What is the BEST Vegan Protein Powder? | Soy vs Rice vs Pea

I talk about protein a lot around here, and
I feel that I haven’t yet justifiably cover protein discussion for my wonderful folks
that aren’t as privy to animal consumption. For the sake of helping as many people as
I can, it’s only right that I do my best to provide objective information on plant-based
supplements. But I do want to preface this video with the
disclaimer that I personally have no experience with vegan supplements. Because of this, I will be relying quite heavily
on external research and other protein-based information. With that in mind, let’s talk about the
best vegan-based protein powders. First, let’s cover what exactly we need
in a good protein supplement. Other than simply the total protein per serving,
there are two factors often considered as crucial to a protein supplement’s effectiveness:
Its biological value and its amino acid profile. First, biological value. In short, biological value is the measurement
of a protein’s value based on its level of absorbability. This is commonly measured through nitrogen
balance. Now, the entire essence of biological values
and nitrogen balance is quite complicated and this is, at best, a very very big simplification. But the most important thing to understand
here is that the more our body can absorb a protein, the more it can be used to make
bodily proteins. Now, amino acid profile. This factor is more straightforward. It’s simply a protein’s composition of
amino acids, aka the body’s building blocks. For this, our interest is to consume proteins
that contain amino acids that our body itself cannot make. These are known as essential amino acids. Protein sources that contain all essential
amino acids are known as a complete protein. For fitness goals, we probably want more of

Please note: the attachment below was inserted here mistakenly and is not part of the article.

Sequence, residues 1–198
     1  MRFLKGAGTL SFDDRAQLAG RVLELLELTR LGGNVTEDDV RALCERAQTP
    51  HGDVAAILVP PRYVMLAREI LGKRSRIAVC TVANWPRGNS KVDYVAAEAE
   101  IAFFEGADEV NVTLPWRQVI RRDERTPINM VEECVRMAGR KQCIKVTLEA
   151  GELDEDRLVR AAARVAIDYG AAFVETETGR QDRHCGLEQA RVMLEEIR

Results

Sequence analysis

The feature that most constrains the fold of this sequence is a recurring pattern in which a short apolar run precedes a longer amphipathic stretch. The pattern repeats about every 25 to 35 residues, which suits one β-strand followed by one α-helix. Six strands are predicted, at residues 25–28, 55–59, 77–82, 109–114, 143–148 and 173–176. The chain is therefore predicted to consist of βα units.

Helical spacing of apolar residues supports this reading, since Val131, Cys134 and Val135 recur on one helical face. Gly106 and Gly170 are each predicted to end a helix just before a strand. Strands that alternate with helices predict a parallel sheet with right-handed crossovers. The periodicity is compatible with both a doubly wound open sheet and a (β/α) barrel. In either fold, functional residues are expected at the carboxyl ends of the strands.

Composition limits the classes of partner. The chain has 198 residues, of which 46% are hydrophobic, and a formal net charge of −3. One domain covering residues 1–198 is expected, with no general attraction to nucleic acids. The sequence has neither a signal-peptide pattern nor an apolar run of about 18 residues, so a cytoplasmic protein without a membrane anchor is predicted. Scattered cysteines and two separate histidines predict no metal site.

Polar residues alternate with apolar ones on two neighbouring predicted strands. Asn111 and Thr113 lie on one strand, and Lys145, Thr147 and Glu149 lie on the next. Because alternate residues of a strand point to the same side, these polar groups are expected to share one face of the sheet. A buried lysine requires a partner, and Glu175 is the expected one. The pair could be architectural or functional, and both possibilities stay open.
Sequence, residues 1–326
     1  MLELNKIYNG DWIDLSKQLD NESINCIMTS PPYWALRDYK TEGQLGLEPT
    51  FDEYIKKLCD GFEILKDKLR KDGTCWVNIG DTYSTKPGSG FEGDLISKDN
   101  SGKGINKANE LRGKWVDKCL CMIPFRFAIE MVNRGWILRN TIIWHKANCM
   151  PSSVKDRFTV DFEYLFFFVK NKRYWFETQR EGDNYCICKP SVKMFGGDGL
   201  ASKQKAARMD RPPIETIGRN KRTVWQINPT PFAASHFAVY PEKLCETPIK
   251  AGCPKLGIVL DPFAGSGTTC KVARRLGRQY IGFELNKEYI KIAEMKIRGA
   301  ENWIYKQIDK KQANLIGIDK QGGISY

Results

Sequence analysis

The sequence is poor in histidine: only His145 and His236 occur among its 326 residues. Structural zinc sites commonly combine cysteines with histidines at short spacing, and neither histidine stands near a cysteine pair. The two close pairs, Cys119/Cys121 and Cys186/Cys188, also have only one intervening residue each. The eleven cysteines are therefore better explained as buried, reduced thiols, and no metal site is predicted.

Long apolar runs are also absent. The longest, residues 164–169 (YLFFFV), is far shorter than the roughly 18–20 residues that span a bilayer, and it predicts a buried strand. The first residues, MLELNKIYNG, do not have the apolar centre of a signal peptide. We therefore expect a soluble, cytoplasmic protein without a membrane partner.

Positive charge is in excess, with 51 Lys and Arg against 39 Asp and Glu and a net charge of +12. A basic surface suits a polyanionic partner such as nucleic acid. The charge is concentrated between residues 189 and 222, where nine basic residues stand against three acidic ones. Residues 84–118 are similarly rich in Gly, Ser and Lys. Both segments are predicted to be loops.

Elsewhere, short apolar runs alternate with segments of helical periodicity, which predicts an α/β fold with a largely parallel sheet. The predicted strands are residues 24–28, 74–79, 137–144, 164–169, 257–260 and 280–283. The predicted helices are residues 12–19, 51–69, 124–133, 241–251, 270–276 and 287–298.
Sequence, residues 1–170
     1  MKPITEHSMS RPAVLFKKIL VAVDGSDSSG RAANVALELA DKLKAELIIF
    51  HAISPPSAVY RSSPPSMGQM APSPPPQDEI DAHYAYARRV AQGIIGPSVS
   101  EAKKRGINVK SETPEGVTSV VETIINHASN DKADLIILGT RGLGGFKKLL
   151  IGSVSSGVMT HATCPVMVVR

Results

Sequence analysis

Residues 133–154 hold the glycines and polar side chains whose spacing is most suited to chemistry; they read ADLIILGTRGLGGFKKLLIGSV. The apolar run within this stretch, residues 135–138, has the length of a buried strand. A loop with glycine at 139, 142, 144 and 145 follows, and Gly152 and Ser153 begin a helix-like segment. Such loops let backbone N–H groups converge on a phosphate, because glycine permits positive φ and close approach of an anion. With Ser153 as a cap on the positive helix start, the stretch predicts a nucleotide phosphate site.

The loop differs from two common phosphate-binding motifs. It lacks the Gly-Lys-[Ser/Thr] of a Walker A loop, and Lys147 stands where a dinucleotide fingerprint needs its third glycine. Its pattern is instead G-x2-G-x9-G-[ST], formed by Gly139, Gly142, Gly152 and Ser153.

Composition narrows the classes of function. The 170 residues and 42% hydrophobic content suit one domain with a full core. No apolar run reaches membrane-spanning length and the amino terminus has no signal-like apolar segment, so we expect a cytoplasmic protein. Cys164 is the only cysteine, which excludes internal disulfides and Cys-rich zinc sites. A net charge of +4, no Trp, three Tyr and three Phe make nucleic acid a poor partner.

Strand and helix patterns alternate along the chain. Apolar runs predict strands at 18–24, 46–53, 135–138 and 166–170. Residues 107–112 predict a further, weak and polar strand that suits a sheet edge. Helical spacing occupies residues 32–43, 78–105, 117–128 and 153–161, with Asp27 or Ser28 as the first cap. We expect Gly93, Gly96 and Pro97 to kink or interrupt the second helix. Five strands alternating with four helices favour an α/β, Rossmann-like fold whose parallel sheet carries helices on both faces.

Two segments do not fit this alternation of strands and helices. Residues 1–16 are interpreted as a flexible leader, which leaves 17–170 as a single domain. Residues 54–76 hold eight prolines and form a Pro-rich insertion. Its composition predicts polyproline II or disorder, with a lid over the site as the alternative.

the essential amino acids that helps build muscle known as branched-chain amino acids,
aka BCAAs. More specifically, the BCAA leucine is of
greatest paramount for its role in muscle protein synthesis. Now, taking these things into consideration,
what would then be the best vegan protein supplement? In all honesty, the three most popular vegan
supplements, soy, pea, and rice proteins, all can be very effective. Based on the current scientific literature,
all have shown to increase markers of muscle growth quite effectively, at times even as
great as the arguably best protein supplement known as dairy whey protein. There is a caveat though. When studies do pit these plant-based protein
powders against whey protein, it always has to be a large serving. This is due to its relatively lower leucine
content, that muscle building BCAA we talked about. Whey protein is far and away much more leucine-dense. Some studies show that one needs as much as
50 grams of plant-based protein versus half that in whey in order to reach similar leucine
thresholds. But if we disregard its comparison to whey,
how do these vegan powders stack up to one another? When considering biological value and amino
acid profile, out of three most studied plant-based powders, SOY is perhaps the best option. Soy has the highest digestibility rate out
of all plant proteins and also a decent amount of all essential amino acids, although only
middle-of-the-road in terms of leucine content. The only area it might be lacking is in the
essential amino acid methionine. Overall though, its robust profile and absorbability
makes it stand slightly above its other plant-based counterparts. But… this is only in terms of protein sources
in ISOLATION. Things change a bit when we introduce protein
BLENDS to the argument. In this matter, the mixture of 70% pea plus
30% rice protein is the best option. With this blend, you’re once again getting
all the essential amino acids but with leucine yields greater than soy in isolation. More importantly, pea and rice make up for
each other in places they each lack. Pea is poor in methionine like soy but high
in the amino acid lysine. Rice, on the other hand, is low in lysine
but have moderate amounts of methionine. Thus, 70/30 pea to rice mix yields perhaps
the best amino acid profile one can get from plant-based proteins which arguably makes
it the BEST protein powder supplement for vegans. But again, to be frank, any of these vegan
supplement powders CAN work fine, as long as you’re treating them as how they’re
supposed to be treated – as supplements. The goal is still to aim on getting most of
your protein and nutrients from whole food sources. And only if there are gaps to fill, then any
of these protein powders should work just fine. Perhaps other factors like flavoring, allergies,
and GMO sentiments would dictate your choice more so than the subtle differences in the
“completeness” of each protein. Ultimately, you should enjoy the one that
you… enjoy! And also, let me know what that is in the
comments. Are you a single plant-protein kind of person
or do you appreciate a blend? Let me know! If you enjoyed this video, please give it
an amino thumbs up and share it with your vegan-loving friends. As always, thank you for watching and… GET YOUR PROTEIN!